Writers tend to write with their own separate and unique voice which simply means that a strong writer’s voice can’t be mistaken for someone else. The more powerful the “voice” of the author, the more unique and identifiable they are to their readers. It’s more about style than anything else and the author’s natural way of telling a story. But when you write in a certain time period, you also need to know the language of the day.
When writing westerns, I think I absorbed a great deal from watching television westerns as a young girl. You know them all, Bonanza, Rifleman, Maverick, Gunsmoke, and the like. It also didn’t hurt that my in-laws were Texans, and if one spends any amount of time in Texas, it’s impossible not to pick up on the nuances of the speech, the twang, the cadence of the way Texans speak.
But I needed more help than that when writing my westerns because over the years some of those beautiful words and expressions faded into history. I found this book, The Cowboy Dictionary subtitled, The Chin Jaw Words and Whing-Ding ways of the American West. Author, Ramon F. Adams. I don’t think I’ve ever written a western without digging into this book. Here’s a few terms, words and expressions from the old WEST:
Boston dollar- cowboy’s name for a penny
Buck out in smoke – to die in a gun battle
Cattle Kate – Any woman involved in cattle rustling. The original Cattle Kate Maxwell, real name Ella Watson was hanged with her lover for cattle stealing in Wyoming during the Rustler’s War.
Didn’t keep his twine on his tree – Said of a rustler who did not keep rope on the saddle horn where it belonged.
Fleabag- cowboy’s name for his bedroll
Giggle talk- what a cowboy calls foolish speech
Hang up his rope- Cowboy expression meaning to quit a job or quit their calling. Also said if one is too old to work with cattle any longer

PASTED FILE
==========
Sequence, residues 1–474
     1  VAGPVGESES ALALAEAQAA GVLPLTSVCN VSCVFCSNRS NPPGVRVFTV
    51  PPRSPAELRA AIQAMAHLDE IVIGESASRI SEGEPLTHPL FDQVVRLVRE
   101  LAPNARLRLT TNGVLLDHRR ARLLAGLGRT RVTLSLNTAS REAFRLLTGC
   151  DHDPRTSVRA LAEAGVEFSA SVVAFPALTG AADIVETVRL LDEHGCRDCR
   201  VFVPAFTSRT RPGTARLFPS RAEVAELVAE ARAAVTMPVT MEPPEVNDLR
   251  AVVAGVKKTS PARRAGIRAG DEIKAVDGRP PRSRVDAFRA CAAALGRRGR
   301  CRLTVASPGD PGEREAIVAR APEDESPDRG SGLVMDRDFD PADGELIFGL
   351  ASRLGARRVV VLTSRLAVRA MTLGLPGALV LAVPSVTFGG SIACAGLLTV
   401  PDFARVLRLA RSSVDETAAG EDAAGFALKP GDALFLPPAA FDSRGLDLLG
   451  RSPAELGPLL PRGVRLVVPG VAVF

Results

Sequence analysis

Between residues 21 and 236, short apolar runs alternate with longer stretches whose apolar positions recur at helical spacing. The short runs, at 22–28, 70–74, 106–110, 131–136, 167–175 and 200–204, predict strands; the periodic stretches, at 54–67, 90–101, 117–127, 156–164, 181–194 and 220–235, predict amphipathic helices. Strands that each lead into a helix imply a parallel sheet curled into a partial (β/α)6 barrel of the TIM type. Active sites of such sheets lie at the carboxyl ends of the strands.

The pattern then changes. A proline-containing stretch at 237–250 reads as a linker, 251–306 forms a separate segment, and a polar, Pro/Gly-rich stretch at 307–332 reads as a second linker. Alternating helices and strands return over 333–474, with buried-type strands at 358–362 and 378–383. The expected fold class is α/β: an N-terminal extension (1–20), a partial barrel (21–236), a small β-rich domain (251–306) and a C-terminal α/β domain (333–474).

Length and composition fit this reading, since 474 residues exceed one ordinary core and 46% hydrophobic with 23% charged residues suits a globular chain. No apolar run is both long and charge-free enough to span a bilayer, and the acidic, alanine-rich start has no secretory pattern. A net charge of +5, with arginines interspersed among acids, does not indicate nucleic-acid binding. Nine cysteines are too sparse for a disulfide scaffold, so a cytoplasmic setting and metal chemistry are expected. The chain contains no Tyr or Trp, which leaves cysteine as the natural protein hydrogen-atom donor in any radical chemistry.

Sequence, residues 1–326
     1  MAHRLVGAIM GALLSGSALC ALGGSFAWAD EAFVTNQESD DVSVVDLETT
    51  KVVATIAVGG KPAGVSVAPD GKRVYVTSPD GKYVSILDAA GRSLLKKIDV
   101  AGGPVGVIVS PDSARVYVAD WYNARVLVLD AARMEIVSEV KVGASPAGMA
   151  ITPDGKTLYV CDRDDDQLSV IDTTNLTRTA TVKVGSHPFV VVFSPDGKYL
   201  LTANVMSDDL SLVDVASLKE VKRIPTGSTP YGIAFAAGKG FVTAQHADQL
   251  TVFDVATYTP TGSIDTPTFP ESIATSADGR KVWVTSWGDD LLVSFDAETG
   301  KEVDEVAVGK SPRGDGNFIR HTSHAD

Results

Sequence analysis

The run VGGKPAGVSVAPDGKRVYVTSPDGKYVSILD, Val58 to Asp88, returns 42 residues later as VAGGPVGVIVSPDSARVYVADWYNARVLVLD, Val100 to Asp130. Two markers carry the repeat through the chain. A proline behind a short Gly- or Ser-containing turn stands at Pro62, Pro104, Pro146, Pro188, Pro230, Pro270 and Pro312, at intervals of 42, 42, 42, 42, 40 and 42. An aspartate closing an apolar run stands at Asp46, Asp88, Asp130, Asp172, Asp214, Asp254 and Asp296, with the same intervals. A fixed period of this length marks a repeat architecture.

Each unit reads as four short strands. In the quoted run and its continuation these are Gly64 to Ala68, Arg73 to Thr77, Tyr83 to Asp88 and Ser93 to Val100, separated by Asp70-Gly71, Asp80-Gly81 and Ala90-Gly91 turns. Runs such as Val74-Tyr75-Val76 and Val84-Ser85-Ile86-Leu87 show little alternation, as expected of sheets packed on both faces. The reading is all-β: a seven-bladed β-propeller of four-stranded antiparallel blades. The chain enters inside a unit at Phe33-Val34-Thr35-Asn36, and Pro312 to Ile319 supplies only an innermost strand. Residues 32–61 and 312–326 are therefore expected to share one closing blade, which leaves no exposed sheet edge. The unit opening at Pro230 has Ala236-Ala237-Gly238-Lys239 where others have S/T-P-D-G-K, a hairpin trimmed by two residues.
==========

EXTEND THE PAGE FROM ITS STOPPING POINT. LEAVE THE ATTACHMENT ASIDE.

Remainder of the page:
High-line rider- what a cowboy called an outlaw. He usually rode the high country to keep a lookout for sheriffs and posses.
Lead poisoned- a cowboy’s term for being shot
Lone ranger- a cowboy’s term for an unmarried man
Mouthy – a cowboy word for someone inclined to talk a great deal. Cowboys’ motto, “The bigger the mouth the better it looks shut.”
Padding out his belly – someone inclined to eat at every opportunity
Pecos Bill- a cowboy name for a liar, from the mythical character of the West
Peddler of loads – teller of tall tales and “Campaign against the truth” and “could color up a story redder than a Navajo blanket.”
Prayer book- cowboy’s word for his cigarette papers
Powders—cowboy’s term for orders from the boss
Ride herd on a woman – cowboy’s term for courting a woman
Soft grub- a cowboy’s term for hotel food or fancy victuals
Washing out the canyon- cowboy’s expression for taking a bath
Yack- a cowboy’s name for a stupid person
Do you have a favorite word, slang or expression? If we were to write a book of terms and expressions today, what would we put in that book? Of the above terms, which one surprises you the most or makes you laugh? Post a comment and be entered to win a 2 in 1 Desire, Secret Heir of Sunset Ranch/Expecting a Bolton Baby (or another of my backlist books) And don’t forget to pick up a copy of Twins for the Texan!!
Twins…and another baby on the way for this cowboy from USA TODAY bestselling author Charlene Sands!
After Wyatt Brandt rescues Brooke McKay en route to a Texas wedding, they spend one hot night together before going their separate ways. Now Brooke’s back with news she isn’t sure the wealthy rancher is ready to hear—especially when she discovers he’s already a father…of twins!
Being a single dad is a full-time job Wyatt can’t do alone. He doesn’t expect the ideal nanny to be the beauty who briefly shared his bed. But he accepts her help gladly—not knowing her little secret will change his family forever…